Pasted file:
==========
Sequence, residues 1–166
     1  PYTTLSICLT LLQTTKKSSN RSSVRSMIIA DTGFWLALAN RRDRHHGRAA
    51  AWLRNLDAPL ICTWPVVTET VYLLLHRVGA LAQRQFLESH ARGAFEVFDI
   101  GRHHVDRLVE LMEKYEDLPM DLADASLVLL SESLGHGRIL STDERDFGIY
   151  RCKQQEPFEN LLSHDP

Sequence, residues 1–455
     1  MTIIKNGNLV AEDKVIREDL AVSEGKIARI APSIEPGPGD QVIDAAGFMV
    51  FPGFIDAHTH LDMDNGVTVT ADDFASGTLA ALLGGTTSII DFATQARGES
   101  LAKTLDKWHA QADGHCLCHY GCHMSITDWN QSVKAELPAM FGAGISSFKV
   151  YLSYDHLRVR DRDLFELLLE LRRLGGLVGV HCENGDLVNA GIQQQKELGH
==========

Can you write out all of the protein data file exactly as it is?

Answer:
Sequence, residues 1–166
     1  PYTTLSICLT LLQTTKKSSN RSSVRSMIIA DTGFWLALAN RRDRHHGRAA
    51  AWLRNLDAPL ICTWPVVTET VYLLLHRVGA LAQRQFLESH ARGAFEVFDI
   101  GRHHVDRLVE LMEKYEDLPM DLADASLVLL SESLGHGRIL STDERDFGIY
   151  RCKQQEPFEN LLSHDP

Sequence, residues 1–455
     1  MTIIKNGNLV AEDKVIREDL AVSEGKIARI APSIEPGPGD QVIDAAGFMV
    51  FPGFIDAHTH LDMDNGVTVT ADDFASGTLA ALLGGTTSII DFATQARGES
   101  LAKTLDKWHA QADGHCLCHY GCHMSITDWN QSVKAELPAM FGAGISSFKV
   151  YLSYDHLRVR DRDLFELLLE LRRLGGLVGV HCENGDLVNA GIQQQKELGH